Amazon is hard at work on the upcoming The Lord of the Rings series. It’s a hugely ambitious project, from all we know about it. According to estimates, it could be the most expensive television series ever made. (The rights alone cost $250 million.) The filming process has been a lengthy one, and depending on how many seasons it goes, it might only get grander. Expectations are high, but with major excitement comes controversy and questioning.
One person who has a few things to say about Amazon’s The Lord of the Rings? Elijah Wood, who is no stranger to the world of J.R.R. Tolkien. Wood played the Hobbit Frodo Baggins in Peter Jackson’s The Lord of the Rings trilogy adaptation, and briefly reprised his role in The Hobbit: The Unexpected Journey. He’s pretty synonymous with the franchise, so it makes sense that he’d have opinions about the new show. In a recent interview with Empire Magazine ( which we learned about via Slashfilm), Wood expressed some concerns with the naming convention of the upcoming series.
New Line Cinema
“I find it bizarre that they’re calling it Lord of the Rings as a shorthand, because it’s not Lord of the Rings! It takes place in the Second Age of Middle-earth. I am fascinated by what they’re doing with the show. They’re calling it The Lord of the Rings, but I think that’s slightly misleading. From what I understand, the material they are working on exists chronologically further back in history in lore of Lord of the Rings or Middle-earth than any characters represented in Lord of the Rings. It sounds more Silmarillion era. Not to get nerdy, but it’s the Second Age of Middle-earth.”
Wood is correct. The show will depict the Second Age of Middle-earth, long before Frodo took the One Ring to Mordor. He’s also right that the Second Age appears in The Silmarillion. But, confusingly, the new series cannot directly reference that book. This is due to some odd splicing of rights. As we referenced in our write-up about the new series, the show can only reference the Second Age as it appears in The Lord of the Rings books and its appendices. The Tolkien Estate has all rights to the First Age, and Middle-earth Enterprises owns rights to the Third Age, so those are off limits, too.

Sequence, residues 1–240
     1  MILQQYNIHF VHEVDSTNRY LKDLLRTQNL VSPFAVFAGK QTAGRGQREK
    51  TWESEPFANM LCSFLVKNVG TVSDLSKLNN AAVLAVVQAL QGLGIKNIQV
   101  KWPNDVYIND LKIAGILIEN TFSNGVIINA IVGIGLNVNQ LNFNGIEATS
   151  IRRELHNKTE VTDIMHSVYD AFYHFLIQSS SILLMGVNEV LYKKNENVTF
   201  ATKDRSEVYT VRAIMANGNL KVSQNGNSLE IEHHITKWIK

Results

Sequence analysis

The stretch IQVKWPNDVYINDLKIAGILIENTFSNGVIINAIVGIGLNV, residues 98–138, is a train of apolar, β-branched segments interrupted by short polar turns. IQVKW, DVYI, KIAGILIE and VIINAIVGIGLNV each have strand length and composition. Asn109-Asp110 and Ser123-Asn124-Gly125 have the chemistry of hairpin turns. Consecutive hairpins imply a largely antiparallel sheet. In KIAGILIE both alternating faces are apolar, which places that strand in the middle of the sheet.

What does that leave us with? The show will almost definitely tackle the rise and fall of Númenor. And we’re excited for that. But to Wood’s point, that’s not the section of Tolkien’s myth known as The Lord of the Rings. It’s more of a very early prequel.
Now, to be fair to Amazon’s The Lord of the Rings, the title going around is pretty understandable. “The Second Age of Middle-earth” is a little less friendly of a description to non-Tolkien fans. The Lord of the Rings is a really familiar IP, so it lets folks know about the world the show is set in. It’s also pretty unlikely to be part of the actual final title.
Still, we understand the reason for making this clarification. And we’re grateful that Wood is doing it. He’s bringing a lot of visibility to this confusing aspect of the new show. And the discussion will only get more complex from here on out.